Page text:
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How do I model an absolute value in a linear model?

You cannot put an absolute term for a variable directly into a linear model such as LP or MIP. The model fragment below will not work:

obj..       z=e=sum(j, abs(x(j)));
cons(i)..   sum(j, a(i,j)*x(j)) =l= b(i);

model foo /all/;
solve foo minimizing z using lp;

Various error messages will be given:

  14  solve foo minimizing z using lp;
****                                 $51,256
****  51  Endogenous function argument(s) not allowed in linear models
**** 256  Error(s) in analyzing solve statement. More detail appears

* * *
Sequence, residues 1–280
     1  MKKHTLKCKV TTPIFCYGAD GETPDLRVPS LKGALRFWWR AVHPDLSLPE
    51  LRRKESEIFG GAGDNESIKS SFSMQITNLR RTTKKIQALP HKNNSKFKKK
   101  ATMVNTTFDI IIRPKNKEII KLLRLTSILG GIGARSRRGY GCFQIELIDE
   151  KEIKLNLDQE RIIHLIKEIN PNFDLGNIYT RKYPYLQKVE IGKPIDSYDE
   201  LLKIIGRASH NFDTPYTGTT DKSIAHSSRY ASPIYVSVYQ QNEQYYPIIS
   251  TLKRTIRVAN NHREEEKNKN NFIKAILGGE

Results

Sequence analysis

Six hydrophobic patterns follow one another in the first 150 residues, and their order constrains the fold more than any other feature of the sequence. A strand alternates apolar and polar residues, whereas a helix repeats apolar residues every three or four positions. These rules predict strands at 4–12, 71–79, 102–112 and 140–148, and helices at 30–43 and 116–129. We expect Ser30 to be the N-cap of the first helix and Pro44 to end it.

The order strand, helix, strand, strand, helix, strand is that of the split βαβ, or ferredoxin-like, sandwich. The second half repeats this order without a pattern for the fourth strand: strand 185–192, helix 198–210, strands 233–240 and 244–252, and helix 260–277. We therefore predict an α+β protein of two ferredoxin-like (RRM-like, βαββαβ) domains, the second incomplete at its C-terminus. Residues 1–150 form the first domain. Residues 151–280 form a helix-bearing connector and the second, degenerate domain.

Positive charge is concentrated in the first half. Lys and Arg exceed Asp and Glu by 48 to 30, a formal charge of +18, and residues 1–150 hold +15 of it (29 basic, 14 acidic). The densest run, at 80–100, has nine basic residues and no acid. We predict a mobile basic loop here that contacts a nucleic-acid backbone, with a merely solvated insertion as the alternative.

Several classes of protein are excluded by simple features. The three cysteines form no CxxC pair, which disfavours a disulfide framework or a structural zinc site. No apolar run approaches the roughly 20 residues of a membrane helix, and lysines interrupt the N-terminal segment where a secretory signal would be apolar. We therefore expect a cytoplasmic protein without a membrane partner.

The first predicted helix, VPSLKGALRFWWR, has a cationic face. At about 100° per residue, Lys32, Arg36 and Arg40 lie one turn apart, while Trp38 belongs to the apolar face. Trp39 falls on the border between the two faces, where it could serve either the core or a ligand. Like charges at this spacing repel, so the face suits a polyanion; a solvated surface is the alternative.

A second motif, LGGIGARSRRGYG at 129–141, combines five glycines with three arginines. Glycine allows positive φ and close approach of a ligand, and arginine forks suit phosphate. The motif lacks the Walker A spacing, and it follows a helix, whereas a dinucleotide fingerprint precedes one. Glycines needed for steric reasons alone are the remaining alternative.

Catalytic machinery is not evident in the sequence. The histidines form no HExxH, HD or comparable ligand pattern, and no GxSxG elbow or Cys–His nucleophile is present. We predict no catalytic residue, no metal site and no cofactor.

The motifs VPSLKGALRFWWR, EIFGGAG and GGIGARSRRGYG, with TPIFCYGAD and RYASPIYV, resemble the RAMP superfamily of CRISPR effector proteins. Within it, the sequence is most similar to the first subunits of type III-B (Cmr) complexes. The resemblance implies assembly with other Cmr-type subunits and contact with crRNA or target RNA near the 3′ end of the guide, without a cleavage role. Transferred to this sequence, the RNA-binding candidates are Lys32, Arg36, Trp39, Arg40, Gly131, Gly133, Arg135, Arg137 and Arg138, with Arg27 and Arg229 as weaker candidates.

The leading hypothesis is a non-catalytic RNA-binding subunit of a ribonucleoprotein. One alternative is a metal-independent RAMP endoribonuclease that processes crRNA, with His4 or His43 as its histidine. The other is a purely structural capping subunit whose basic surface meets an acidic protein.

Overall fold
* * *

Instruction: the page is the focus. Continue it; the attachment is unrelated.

****      Below the solve statement above
**** The following LP errors were detected in model foo:
****  51 equation obj.. the function ABS is called with non-constant arguments

Instead of using the abs() function, you could introduce two positive variables xpos(j) and xneg(j) and substitute:

  • abs(x(j)) = xpos(j) + xneg(j)
  • x(j) = xpos(j) - xneg(j)

This reformulation splits the x(j) into a positive part xpos(j) and a negative part xneg(j). Note that this only works if abs(x(j)) is minimized, because in that case, either xpos(j) or xneg(j) is forced to zero in an optimal solution.

The reformulated model fragment is:

positive variable xpos(j), xneg(j);
obj..        z=e=sum(j, xpos(j) + xneg(j));
cons(i)..    sum(j, a(i,j)*(xpos(j) - xneg(j))) =l= b(i);

model foo /all/;
solve foo minimizing z using lp;
IMPRESSUM / LEGAL NOTICEPRIVACY POLICY gams/model_an_absolute_value_in_a_linear_model.txt · Last modified: 2020/05/19 07:00 by Frederik Fiand